Halo: Spartan Assault
Published by: Microsoft Studios
Genre: Top-Down Shooter
Available On: Xbox One, Xbox 360
One thing that’s been made abundantly clear with the arrival of the Xbox One is this: big companies are well aware of the profits to be made from micro-transaction driven games and are looking to cash in on the gold rush. Microsoft’s Xbox One, for example, launched with Killer Instinct — a “free” fighting game that includes only one character and requires players to purchase the others either individually or in bundles. 343 Industries’s Halo: Spartan Assault, originally launched on Windows and Windows Phone back in July, is another example of this philosophy in practice.
Halo: Spartan Assault is a top-down, stick-based shooter. Despite the fact that it was originally designed for mobile platforms, no touch controls were implemented. This means, of course, that the game is perfectly suited for the Xbox One and Xbox 360’s digital distribution platform. The game works perfectly with the Xbox controller, something that is almost certainly not a matter of pure coincidence. In all likelihood, 343 and Microsoft had planned to release Spartan Assault on its console platforms all along.
Gameplay is essentially your basic top-down fare. Your job, as one of the UNSC’s elite marines, is to move through each of the game’s map killing everything you can. You’ll find escort missions and vehicles to drive as you investigate Spartan Assault’s 25 five-to-ten minute missions. The game looks and feels solid, but its mobile design roots show in relatively simplistic AI world design and mission structure. A revolution in gaming this is not. in Halo titles, you’re going to be disappointed with Spartan Assault. The game is effectively a straight run-and-gun from start to finish with very few strategic elements. On mobile, the formula worked but as a sit-down console title Spartan Assault starts to feel a bit bland and repetitive a few missions in. You’re not going to be eagerly crushing each mission waiting to find out where the story goes.
If you’re looking for the customary depth of combat and strategy found in Halo titles, you’re going to be disappointed with Spartan Assault. The game is effectively a straight run-and-gun from start to finish with very few strategic elements. On mobile, the formula worked but as a sit-down console title Spartan Assault starts to feel a bit bland and repetitive a few missions in. You’re not going to be eagerly crushing each mission waiting to find out where the story goes.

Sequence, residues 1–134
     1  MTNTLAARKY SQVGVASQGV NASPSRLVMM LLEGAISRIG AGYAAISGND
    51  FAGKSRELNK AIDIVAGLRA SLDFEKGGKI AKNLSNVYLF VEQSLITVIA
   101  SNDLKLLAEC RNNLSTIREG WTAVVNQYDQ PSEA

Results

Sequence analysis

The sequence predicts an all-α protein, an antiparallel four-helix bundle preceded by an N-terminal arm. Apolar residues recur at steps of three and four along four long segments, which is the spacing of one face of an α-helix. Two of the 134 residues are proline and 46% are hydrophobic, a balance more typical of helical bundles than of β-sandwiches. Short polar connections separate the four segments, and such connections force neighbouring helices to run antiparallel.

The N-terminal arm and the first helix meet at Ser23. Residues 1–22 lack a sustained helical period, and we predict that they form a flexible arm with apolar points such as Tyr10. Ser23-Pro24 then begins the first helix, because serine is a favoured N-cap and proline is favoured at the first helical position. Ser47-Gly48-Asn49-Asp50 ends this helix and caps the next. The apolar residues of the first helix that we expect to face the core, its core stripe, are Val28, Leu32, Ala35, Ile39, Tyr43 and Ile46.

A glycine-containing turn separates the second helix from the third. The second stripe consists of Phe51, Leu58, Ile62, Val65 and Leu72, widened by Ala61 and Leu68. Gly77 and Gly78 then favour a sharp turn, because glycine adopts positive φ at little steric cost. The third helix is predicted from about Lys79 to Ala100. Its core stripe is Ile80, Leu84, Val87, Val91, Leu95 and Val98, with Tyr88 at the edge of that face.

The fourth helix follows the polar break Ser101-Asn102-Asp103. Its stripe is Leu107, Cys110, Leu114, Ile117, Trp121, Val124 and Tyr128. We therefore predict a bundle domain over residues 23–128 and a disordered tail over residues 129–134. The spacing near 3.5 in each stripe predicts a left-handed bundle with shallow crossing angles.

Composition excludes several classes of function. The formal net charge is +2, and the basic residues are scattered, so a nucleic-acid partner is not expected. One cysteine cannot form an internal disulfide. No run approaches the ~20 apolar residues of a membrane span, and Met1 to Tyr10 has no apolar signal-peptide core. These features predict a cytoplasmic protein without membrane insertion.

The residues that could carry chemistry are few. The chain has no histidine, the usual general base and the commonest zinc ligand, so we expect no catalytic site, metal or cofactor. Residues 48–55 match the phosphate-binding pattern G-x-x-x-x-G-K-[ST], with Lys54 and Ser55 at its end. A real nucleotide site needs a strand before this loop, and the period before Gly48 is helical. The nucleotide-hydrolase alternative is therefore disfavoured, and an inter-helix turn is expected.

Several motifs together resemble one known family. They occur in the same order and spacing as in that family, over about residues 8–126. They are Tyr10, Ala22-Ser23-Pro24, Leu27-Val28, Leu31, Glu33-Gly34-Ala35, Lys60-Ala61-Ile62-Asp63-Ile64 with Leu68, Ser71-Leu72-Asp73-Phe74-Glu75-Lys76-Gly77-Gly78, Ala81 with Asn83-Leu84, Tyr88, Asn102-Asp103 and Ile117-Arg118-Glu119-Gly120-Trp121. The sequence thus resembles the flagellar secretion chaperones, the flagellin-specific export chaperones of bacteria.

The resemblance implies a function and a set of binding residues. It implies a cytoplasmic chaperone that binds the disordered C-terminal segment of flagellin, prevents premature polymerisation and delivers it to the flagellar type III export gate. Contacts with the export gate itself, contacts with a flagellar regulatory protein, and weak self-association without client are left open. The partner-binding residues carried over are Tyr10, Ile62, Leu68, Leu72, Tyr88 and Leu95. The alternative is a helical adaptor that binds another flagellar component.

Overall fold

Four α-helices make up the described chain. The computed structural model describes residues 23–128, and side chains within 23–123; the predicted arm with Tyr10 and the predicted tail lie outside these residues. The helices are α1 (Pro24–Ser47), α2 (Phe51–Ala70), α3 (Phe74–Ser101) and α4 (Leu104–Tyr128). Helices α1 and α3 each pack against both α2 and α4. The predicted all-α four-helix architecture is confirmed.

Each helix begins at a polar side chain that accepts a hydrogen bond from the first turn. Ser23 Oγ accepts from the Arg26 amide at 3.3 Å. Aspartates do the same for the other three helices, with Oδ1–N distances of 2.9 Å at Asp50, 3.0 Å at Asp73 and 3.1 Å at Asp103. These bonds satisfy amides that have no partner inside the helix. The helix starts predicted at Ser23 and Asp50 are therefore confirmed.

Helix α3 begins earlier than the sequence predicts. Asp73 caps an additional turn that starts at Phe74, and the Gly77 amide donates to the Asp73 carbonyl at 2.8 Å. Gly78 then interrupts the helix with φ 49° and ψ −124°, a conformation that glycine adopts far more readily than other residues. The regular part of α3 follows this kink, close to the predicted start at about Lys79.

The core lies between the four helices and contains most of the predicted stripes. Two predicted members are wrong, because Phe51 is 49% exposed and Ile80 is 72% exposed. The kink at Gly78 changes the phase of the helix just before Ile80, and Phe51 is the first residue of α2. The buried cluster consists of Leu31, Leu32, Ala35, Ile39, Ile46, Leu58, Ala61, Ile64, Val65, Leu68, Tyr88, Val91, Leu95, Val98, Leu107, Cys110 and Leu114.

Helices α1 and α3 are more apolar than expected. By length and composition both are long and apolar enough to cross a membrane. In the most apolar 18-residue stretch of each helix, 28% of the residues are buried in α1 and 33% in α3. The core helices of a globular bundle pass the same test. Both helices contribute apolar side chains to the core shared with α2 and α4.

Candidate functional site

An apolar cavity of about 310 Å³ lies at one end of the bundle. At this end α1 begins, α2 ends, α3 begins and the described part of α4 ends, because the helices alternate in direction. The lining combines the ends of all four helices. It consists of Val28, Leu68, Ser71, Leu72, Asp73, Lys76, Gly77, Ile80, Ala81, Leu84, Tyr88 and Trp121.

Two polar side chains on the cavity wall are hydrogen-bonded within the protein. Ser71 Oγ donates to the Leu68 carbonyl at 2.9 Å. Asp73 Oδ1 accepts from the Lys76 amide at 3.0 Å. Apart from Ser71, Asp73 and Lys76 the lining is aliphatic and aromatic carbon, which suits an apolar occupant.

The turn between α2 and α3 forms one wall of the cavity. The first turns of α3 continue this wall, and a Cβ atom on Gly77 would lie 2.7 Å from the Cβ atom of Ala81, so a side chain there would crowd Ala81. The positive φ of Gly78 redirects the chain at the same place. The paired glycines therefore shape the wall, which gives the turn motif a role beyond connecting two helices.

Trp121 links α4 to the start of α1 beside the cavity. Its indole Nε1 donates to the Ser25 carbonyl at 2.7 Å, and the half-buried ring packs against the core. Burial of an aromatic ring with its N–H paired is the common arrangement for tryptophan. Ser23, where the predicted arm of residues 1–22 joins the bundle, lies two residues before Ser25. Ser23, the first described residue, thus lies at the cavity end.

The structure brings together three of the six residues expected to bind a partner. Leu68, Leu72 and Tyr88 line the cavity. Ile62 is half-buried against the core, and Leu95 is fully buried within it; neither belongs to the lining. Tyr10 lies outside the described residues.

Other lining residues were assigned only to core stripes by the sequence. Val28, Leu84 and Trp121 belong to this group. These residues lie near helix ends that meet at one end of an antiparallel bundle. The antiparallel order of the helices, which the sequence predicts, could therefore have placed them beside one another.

And here, of course, is where we need to come back around to the micro-transaction thing. Halo: Spartan Assault is designed to force you to open your wallet. Powerful weapons are purchased via experience points, which you’ll earn from completing missions. Unfortunately, earning enough experience points to purchase one upgrade items takes several missions — unless you’re willing to pony up some cash. Items purchased last for only one mission. So when you spend your actual money to buy a sniper rifle, you’re only getting that sniper rifle for the next ten minutes of gameplay. It’s almost criminal.
If you like top-down shooters, you’ll probably find something to enjoy in Halo: Spartan Assault. However, it is almost impossible to get the full game experience without spending money on the title’s in-game micro-transactions. For a title that’s priced about the same as a lot of indie games, Spartan Assault doesn’t bring much worth mentioning and is stacked with cynical cash-grab design. The best plan for Halo fans is picking the game up on mobile or Windows for half the price.
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